Of course, with any good double life and mysterious death story must come a few conspiracy theories, and this one comes to us courtesy of a great piece on Irwin in the Torontoist:
There were rumours, recounted in David Nemec’s The Great Encyclopedia of Nineteenth Century Major League Baseball (University of Alabama Press, 2006), that Irwin had withdrawn $5,000 from his account prior to sailing—perhaps enough motive to prompt theft and murder. Others, more compellingly, suggested that because the doctor who’d diagnosed Irwin’s fatal illness had never come forward, he had faked his death. According to a 1922 letter at Cooperstown from a former teammate of Irwin queried: “How can Arthur Irwin be dead? I just saw him in Oklahoma.”
Needless to say, if anyone reading this has any further information about this incredible story, we would love to hear it. I have had little success finding any sort of postcript to this story, and would love to hear how things turned out for both families. Please leave a message in the comments with your email address.
*Fun fact, the Phillies had 22 managers during the time that Connie Mack ran the A's. In the pic below, that's Irwin holding the ball and giving the "Heil Fuhrer" salute. Love that photo. Check out the babe on the fence ad.
July 15, 2012
July 15, 2012
July 14, 2012
July 06, 2012
July 05, 2012
July 04, 2012
July 03, 2012
Mr. Baker Bowl himself, Chuck Klein. Probably no player's career was as affected by the Baker Bowl as Klein's was. He was a lefthanded batter who learned to hit high flyballs into right field, and batted an incredible .395 in 581 career games at the Baker Bowl (He hit .286 in road games and .221 after the Phillies moved to Shibe). He also hit 164 homers there, as opposed to the 136 he hit in the over 1200 games he played in stadiums other than the Baker Bowl. In 1933, his splits were laughably absurd, as he hit .467 with 20 HRs and 81 RBIs in 72 games at home, and .280 with 9 homers and 39 RBIs in 80 games on the road. This home cooking kept Klein out of the Hall until 1980.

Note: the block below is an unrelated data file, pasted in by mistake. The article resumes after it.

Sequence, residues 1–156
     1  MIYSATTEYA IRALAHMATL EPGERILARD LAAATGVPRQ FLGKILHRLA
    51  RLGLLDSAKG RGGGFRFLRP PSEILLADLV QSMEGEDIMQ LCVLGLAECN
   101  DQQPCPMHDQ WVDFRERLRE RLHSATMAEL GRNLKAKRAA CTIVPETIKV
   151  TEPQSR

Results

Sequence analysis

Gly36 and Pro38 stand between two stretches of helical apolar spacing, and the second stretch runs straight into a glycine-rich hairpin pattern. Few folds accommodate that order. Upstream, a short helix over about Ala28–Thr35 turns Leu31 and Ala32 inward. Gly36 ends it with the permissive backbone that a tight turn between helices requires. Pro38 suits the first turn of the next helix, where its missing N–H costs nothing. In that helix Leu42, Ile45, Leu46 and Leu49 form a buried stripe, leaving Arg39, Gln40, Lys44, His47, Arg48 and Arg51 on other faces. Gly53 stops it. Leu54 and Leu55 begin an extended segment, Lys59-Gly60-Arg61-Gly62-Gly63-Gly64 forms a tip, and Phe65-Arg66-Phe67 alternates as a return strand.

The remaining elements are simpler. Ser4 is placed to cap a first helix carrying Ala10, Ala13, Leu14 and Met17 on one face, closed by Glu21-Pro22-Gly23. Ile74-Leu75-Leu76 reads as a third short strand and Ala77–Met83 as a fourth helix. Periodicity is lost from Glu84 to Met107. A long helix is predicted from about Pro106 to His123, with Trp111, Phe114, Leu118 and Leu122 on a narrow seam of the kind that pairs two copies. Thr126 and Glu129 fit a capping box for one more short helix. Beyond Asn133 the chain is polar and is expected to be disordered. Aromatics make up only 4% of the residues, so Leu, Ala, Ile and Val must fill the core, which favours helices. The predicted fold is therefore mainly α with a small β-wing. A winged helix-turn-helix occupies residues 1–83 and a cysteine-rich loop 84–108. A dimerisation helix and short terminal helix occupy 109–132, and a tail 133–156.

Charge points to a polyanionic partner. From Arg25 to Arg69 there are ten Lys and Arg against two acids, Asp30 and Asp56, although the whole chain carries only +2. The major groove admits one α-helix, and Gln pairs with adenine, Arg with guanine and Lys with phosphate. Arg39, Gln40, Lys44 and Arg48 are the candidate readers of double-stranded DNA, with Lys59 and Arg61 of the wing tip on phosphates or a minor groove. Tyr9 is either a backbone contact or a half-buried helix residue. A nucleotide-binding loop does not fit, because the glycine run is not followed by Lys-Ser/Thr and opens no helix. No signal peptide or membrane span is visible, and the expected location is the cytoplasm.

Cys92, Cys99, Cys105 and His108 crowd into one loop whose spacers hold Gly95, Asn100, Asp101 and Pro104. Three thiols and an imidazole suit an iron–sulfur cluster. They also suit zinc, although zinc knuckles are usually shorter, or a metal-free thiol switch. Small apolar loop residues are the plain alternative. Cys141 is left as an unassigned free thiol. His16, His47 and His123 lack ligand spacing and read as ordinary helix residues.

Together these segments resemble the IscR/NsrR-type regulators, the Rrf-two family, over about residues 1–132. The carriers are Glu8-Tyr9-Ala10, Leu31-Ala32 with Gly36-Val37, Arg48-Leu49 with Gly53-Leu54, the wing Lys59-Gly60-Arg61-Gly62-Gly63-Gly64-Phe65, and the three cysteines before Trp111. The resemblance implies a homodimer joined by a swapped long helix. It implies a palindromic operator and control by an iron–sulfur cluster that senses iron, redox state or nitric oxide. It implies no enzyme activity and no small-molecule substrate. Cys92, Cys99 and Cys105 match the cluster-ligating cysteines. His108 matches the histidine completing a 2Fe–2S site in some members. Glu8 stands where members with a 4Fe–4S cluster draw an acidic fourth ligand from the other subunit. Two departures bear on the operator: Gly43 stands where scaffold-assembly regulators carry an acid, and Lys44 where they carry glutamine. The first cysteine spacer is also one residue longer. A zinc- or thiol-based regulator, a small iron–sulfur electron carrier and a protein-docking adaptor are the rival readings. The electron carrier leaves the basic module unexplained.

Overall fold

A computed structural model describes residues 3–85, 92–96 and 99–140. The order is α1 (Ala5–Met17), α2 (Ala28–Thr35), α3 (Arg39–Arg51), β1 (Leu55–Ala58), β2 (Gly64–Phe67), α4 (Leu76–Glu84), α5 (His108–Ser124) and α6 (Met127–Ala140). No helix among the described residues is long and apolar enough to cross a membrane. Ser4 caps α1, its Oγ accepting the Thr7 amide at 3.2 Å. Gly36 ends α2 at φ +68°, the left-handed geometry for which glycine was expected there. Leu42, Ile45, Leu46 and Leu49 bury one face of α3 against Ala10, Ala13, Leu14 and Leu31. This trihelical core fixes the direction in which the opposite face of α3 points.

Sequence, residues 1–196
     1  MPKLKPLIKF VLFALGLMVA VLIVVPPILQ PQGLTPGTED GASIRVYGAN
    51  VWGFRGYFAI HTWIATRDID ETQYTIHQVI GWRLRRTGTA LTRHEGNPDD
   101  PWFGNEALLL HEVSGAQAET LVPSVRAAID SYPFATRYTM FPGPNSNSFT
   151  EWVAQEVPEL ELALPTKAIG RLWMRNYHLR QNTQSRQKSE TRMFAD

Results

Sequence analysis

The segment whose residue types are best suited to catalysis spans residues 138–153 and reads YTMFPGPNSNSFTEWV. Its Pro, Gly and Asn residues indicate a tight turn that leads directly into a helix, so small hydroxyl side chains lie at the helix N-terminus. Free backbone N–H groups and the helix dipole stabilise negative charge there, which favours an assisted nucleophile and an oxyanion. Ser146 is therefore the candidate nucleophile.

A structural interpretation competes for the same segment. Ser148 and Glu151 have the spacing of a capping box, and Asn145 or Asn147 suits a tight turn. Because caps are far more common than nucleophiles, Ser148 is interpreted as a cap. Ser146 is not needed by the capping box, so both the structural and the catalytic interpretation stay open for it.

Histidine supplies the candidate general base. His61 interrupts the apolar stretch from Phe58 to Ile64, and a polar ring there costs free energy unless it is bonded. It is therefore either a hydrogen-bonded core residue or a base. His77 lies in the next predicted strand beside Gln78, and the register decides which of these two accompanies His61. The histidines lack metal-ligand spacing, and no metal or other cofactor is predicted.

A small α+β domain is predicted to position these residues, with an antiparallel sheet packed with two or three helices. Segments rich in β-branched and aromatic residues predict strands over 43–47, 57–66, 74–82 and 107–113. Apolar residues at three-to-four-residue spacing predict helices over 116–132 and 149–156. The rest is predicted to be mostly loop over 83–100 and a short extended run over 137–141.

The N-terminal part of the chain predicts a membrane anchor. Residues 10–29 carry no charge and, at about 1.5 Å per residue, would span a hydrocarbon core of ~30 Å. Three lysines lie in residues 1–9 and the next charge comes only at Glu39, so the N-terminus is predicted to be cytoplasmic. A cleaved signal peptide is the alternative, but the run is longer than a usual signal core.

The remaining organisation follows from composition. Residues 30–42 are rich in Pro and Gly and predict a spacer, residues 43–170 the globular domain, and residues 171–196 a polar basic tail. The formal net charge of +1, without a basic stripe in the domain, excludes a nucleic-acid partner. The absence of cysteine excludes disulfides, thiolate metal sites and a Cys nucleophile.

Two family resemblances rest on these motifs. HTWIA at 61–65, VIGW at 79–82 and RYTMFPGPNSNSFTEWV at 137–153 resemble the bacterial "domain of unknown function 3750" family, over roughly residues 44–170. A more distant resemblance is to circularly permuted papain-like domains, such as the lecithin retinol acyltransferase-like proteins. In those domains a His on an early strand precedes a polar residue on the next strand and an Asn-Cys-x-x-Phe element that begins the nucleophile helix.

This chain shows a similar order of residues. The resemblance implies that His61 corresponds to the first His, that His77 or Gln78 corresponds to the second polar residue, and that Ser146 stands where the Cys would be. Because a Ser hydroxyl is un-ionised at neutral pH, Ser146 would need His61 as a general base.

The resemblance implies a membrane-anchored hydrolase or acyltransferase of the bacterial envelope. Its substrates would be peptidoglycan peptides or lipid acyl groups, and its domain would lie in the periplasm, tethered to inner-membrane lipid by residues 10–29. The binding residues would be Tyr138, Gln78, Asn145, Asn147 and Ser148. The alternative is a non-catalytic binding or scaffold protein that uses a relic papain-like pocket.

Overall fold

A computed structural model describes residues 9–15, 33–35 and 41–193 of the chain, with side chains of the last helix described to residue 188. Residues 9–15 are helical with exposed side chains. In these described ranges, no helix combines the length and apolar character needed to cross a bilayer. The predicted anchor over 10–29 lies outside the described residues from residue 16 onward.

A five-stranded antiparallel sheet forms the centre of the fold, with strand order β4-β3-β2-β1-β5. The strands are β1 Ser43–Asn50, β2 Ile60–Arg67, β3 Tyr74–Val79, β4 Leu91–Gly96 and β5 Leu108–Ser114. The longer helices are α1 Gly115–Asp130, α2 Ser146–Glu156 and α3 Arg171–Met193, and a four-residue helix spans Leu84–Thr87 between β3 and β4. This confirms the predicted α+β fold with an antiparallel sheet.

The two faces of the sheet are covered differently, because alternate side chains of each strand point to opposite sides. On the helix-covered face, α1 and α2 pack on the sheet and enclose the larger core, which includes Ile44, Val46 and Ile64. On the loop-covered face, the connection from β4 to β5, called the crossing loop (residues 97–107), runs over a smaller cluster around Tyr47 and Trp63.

This shot must have been taken in the 1900s or 1910s, because there is a beer sign (before Prohibition) and the fence is moved in tight at center (there would later be a gap between those center field seats and the fence, which provided sort of a strange nook you can see below). Notice how center field stands seem to extend into the field. You can also see it in centerfield of this pic of Baker Bowl dimensions. I also don't see the Lifebuoy sign or the tin fence above. I do know they moved the rightfield wall back about 8 feet in the 1920s. I'm thinking that that created the strange nook in center, and is why you don't see it in the above photo. As for the giant tin wall in right, that was an added creation once they realized how absurdly easy it was to hit a home run there.
This is just a great shot of the whole venue (sent to us by site fan Mark Komp), though whoever wrote "America's finest ballpark" was clearly delusional or had never been to another ballpark. Must have been so weird to play center. You could run due right chasing a fly ball and crash into a fence. I believe this shot was from the 1930s. I know that Coke sign was still standing after the ballpark was no longer in use.
This shot gives you a good idea of just how tall that crazy right field wall was. 60 feet, 23 feet taller than the Green Monster. CHeck out how it looms over the guy in right field. It was constructed of a bunch of different materials, then covered with tin, so it made a very distinctive sound when the ball hit it. ANd keep in mind, the mesh fence above the green was also part of the field.
Here are the umps for the 1915 World Series at the Baker Bowl. The guy with the megaphone is the PA announcer, and I wonder if he is the same guy you see in this postcard, since it was a similar time period. Now if you haven't seen it already, this computerized model of Baker Bowl is well worth a gander.
Here's Part 1 of the Baker Bowl photos.
October 27, 2011
October 27, 2011